Another Death At A Vision Zero Priority Corner

By Jon Cronin

Following a second pedestrian death at the corner of Woodhaven Boulevard and Jamaica Avenue, some are casting doubt on the effectiveness of improvements made at the location as part of the city’s Vision Zero program.

On Wednesday, Sept. 20, at 5:51 a.m., Julia Maria Carchi de Chaucha, 73, of 95th Street in Woodhaven, was found by police unconscious and unresponsive, lying in the road at the Jamaica Avenue and Woodhaven Boulevard intersection. She was pronounced dead after EMS took her to Jamaica Hospital.

A 62-year-old man driving a 2014 Lexus SUV, who stayed at the scene, struck Carchi de Chaucha while he was driving south on Woodhaven Boulevard and she was crossing from east to west. The vehicle remained at the scene. According to the NYPD, no arrests have been made and the investigation remains ongoing.

This is the second incident involving a senior citizen at that corner in as many months.

Kenichi Wilson, chair of the Community Board 9 transportation committee, said of the continued accidents and injuries, “This is kinda ridiculous.”
Wilson pointed out that the city Department of Transportation’s (DOT) Pedestrian Action Plan from 2015 stated that there were 13 deaths on Woodhaven Boulevard between Queens and Cross Bay boulevards between 2009 and 2013.
Since last November, when the Vision Zero initiatives were implemented, there have been almost as many deaths on Woodhaven Boulevard.
In reaction to last week’s death, a city DOT spokesperson said, “a leading pedestrian interval (LPI) was added Saturday, giving pedestrians a seven-second headstart crossing Woodhaven Boulevard at Jamaica Avenue before drivers may enter the intersection.”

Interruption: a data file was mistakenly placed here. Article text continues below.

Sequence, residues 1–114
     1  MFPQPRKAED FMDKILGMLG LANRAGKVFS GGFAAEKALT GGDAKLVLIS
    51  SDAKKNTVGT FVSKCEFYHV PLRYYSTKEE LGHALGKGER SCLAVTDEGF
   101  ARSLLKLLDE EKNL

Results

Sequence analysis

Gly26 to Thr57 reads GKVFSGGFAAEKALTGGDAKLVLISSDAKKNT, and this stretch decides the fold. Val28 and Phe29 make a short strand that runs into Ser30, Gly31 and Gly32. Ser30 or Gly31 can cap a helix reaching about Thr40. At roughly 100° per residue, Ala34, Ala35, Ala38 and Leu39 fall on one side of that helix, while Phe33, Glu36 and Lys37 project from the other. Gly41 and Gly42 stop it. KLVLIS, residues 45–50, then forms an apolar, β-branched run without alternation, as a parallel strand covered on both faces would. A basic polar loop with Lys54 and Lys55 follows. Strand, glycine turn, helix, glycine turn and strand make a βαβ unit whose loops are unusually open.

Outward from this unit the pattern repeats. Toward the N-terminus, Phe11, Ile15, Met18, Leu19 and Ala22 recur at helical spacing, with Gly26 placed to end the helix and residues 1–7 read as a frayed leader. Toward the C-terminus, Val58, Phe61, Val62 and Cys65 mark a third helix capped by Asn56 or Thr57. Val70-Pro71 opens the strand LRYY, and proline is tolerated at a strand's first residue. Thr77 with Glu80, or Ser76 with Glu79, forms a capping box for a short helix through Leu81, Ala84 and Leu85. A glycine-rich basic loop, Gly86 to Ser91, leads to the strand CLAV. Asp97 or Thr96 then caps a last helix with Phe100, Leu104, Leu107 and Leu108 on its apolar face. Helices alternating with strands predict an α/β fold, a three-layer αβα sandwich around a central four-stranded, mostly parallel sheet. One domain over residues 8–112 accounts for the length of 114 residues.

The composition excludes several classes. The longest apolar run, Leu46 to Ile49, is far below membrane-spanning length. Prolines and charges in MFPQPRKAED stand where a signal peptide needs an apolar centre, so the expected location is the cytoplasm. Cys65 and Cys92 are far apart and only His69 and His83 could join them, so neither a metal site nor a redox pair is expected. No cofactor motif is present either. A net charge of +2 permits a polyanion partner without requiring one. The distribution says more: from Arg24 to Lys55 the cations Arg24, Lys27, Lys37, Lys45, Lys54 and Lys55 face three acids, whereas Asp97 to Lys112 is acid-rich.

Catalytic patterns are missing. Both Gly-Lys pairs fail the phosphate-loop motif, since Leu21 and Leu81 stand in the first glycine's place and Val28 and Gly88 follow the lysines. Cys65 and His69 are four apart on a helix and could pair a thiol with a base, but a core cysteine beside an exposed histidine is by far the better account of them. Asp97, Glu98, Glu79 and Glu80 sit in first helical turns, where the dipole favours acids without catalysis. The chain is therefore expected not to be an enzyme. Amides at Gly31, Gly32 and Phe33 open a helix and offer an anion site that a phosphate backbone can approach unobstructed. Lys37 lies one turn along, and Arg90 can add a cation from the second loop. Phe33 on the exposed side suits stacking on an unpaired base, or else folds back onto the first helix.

Wilson said that the Community Board 9 executive committee will be meeting on Sept. 27, and they will be extending another invitation to the city DOT and MTA.
He said the committee would like to hear the DOT and MTA’s ideas, and to ask why pedestrians continue to be killed and injured in the same numbers as before with all Vision Zero safety protocols in place.
Assemblyman Mike Miller (D-Woodhaven) believes that Vision Zero has made the boulevard less safe: “Since the implementation of SBS [Select Bus Service], pedestrian safety has diminished and there has been an increase in accidents and fatalities along the Woodhaven Boulevard corridor, especially at the intersection of Woodhaven Boulevard and Jamaica Avenue.”
He asked the city DOT and MTA to take another look at the situation. Miller wants to see “dedicated crossing time for pedestrians, more safety precautions — especially near the slip lanes — and better lighting under the elevated train. Currently, it is too dark and better visibility will help both pedestrians and drivers become aware of each other.” The dedicated crossing time would mean that pedestrians have time to cross when no cars are moving.
Miller also criticized the dedicated bus lanes for creating block intersections, and would like the city DOT to come to the area and educate the public on the new system.
“SBS has some bearing on the increased accidents. Greater education for pedestrians and drivers will help alleviate future fatalities,” Miller said.
A DOT spokesman added that the Jamaica Avenue and Woodhaven Boulevard intersection has historically been “one of the worst in the city when it comes to the number of crashes and the number of traffic deaths and serious injuries.”
The spokesman said that all of the safety protocols have been implemented at that corner. Those include “new ADA-compliant pedestrian and bus islands added, re-aligned left turns and additional overhead lighting. Additional safety improvements elsewhere on the corridor are still ongoing.”
“We aim to complete installation of a new traffic signal and pedestrian crossing at Woodhaven Boulevard and 88th Avenue this year,” the spokesman said.